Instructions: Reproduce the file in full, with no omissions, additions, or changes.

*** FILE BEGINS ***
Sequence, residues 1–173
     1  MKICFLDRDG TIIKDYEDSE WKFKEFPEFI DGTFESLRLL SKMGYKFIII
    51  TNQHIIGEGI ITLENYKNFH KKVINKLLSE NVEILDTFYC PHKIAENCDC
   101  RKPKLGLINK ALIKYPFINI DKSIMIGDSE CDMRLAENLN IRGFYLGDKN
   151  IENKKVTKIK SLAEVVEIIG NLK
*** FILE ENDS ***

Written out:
Sequence, residues 1–173
     1  MKICFLDRDG TIIKDYEDSE WKFKEFPEFI DGTFESLRLL SKMGYKFIII
    51  TNQHIIGEGI ITLENYKNFH KKVINKLLSE NVEILDTFYC PHKIAENCDC
   101  RKPKLGLINK ALIKYPFINI DKSIMIGDSE CDMRLAENLN IRGFYLGDKN
   151  IENKKVTKIK SLAEVVEIIG NLK